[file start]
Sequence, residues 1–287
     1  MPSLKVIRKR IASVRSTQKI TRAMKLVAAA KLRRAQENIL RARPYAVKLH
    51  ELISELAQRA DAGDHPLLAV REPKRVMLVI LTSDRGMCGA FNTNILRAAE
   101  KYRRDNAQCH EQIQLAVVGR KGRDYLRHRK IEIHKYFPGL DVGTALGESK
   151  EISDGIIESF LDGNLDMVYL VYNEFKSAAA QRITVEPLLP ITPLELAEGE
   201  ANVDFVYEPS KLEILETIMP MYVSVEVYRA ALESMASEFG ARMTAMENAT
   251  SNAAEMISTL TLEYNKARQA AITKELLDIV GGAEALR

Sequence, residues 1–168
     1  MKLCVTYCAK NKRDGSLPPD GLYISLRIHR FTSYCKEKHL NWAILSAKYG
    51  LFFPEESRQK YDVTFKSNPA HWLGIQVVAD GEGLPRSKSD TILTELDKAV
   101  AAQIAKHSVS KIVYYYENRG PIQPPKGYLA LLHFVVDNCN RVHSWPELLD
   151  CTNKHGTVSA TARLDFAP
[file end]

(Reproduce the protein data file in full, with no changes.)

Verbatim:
Sequence, residues 1–287
     1  MPSLKVIRKR IASVRSTQKI TRAMKLVAAA KLRRAQENIL RARPYAVKLH
    51  ELISELAQRA DAGDHPLLAV REPKRVMLVI LTSDRGMCGA FNTNILRAAE
   101  KYRRDNAQCH EQIQLAVVGR KGRDYLRHRK IEIHKYFPGL DVGTALGESK
   151  EISDGIIESF LDGNLDMVYL VYNEFKSAAA QRITVEPLLP ITPLELAEGE
   201  ANVDFVYEPS KLEILETIMP MYVSVEVYRA ALESMASEFG ARMTAMENAT
   251  SNAAEMISTL TLEYNKARQA AITKELLDIV GGAEALR

Sequence, residues 1–168
     1  MKLCVTYCAK NKRDGSLPPD GLYISLRIHR FTSYCKEKHL NWAILSAKYG
    51  LFFPEESRQK YDVTFKSNPA HWLGIQVVAD GEGLPRSKSD TILTELDKAV
   101  AAQIAKHSVS KIVYYYENRG PIQPPKGYLA LLHFVVDNCN RVHSWPELLD
   151  CTNKHGTVSA TARLDFAP